How To Keep On Learning – Read on, read on , read on!

How does the HR professional keep on top of their industry?   Like any other seasoned professional, continuous off-the-job (OTJ) training and development is required. There are many ways to stay current; conferences, TED talks, or reading current management journals.

One of the most effective methods of OTJ training is reading – but what should the HR professional read? Material vetted by a reliable source is essential! Harvey Schachter, a regular contributor to the business pages of the Globe and Mail recently created a list of his choices.  Schacter’s list has a few different categories and titles that should capture the interests of an HR Professional; including, Work Rules, Power Score, and Hiring For Keeps.  

Here is the list from Harvey Schachter:

  1. Work Rules! by Laszlo Bock
  2. Power Score by Geoff Smart
  3. Hiring For Keeps by Janet Webb
  4. Triggers by Marshall Goldsmith and Mark Reiter
  5. Transitions at the Top by Dan Ciampa and David Dotlich
  6. The 27 Challenges Managers Face by Bruce Tulgan
  7. The Wallet Allocation Rule by Timothy Keiningham, Lerzan Aksoy and Luke Williams
  8. Leadership BS by Jeffrey Pfeffer
  9. Your Strategy Needs a Strategy by Martin Reeves, Knut Haanaes and Janmejaya Sinha
  10. I Know How She Does It by Laura Vanderk

Click here to read the article.

After reviewing the list, which books look interesting to you?  Perhaps that is a topic you should explore as part of your OTJ training development!

Discussion Questions:

  1. If an organization wants to become a true learning organization, what are some strategies that the organization can implement to encourage OTJ professional reading and development?
  2. What strategies could a HR Department implement to encourage employee to employee transfer of knowledge?

Why Aren’t We Sharing What We Learn?

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Source: Lightspring/Shutterstock

In our Human Resource studies related to Training and Development, we read and hear about collaborative learning and systems thinking as key concepts and drivers for the learning organization.  Systems thinking, in particular, brings forward the need for understanding organizational and management issues in context with each other. Research and analysis are all part of systems thinking which allow for organizations to learn and to grow using evidence based methodologies. It seems, however, that there is a continuing divide between the learning that business organizations achieve based on management research and the learning that is produced in post-secondary communities, based on purely academic research.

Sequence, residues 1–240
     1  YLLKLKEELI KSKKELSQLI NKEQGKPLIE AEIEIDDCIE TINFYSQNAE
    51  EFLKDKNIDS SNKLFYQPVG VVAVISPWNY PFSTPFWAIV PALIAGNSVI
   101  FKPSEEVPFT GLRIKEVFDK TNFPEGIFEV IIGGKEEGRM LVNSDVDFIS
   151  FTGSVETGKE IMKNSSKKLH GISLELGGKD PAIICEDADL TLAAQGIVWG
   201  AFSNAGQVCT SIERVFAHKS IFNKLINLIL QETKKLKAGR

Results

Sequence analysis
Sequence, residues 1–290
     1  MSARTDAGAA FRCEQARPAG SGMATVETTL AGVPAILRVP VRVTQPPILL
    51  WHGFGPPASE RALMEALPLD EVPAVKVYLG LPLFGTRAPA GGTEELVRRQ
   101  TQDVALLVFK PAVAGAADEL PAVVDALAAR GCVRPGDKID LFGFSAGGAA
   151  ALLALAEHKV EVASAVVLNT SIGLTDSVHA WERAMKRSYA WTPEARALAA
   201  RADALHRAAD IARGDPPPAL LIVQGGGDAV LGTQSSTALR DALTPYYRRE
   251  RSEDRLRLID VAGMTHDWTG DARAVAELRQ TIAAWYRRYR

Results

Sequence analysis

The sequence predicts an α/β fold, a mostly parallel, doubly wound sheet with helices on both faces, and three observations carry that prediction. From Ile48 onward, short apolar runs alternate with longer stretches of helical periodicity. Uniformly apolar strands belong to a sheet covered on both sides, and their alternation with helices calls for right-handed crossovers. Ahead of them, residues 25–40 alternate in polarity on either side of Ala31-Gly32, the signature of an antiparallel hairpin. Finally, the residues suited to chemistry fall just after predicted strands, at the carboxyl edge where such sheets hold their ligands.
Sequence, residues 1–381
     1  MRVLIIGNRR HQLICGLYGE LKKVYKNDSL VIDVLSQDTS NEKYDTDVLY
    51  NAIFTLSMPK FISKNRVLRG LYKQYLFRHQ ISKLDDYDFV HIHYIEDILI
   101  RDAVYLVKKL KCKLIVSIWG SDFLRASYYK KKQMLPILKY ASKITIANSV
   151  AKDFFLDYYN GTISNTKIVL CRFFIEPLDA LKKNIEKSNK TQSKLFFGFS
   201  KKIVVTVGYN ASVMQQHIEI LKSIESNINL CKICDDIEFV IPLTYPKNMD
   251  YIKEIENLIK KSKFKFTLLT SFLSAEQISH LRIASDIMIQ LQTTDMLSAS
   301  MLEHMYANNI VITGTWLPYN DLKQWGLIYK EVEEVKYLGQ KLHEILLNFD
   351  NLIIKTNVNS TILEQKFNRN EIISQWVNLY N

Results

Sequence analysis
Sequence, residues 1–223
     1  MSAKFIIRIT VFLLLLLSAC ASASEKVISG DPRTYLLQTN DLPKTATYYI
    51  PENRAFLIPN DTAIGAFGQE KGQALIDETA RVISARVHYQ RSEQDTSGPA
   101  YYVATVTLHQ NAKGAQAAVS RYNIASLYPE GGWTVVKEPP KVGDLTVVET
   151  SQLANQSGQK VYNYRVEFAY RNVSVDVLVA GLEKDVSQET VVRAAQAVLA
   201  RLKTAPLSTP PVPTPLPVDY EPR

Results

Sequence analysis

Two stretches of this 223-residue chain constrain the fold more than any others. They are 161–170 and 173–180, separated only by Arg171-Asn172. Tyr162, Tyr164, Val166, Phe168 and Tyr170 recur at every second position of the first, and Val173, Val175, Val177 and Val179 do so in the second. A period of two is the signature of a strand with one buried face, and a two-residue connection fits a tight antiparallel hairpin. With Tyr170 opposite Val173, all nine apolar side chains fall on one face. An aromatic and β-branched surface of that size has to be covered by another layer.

This divide is explored in an interesting article, by Fiona McQuarrie.

  Click here to read the article

Isn’t it time for research that results in management learning and research that results in academic learning to come together and be shared in order to be truly collaborative?  Ms. McQuarrie’s article speaks very clearly to the need for all of us to start communicating about what we have learned, so that we move out of a silo-based mentality that hoards information and into a collaborative, shared learning community that benefits all members of our respective academic, management, and Human Resources related constituencies.

Discussion Questions:

  1. How will you apply what you have learned through research in your HR studies into practical application as an HR professional?
  2. What benefit does academic research bring to the Human Resources profession?
  3. How should organizations share research based learning inside and outside their respective communities?
  4. Where can you access current Human Resources related research that provides leading edge learning?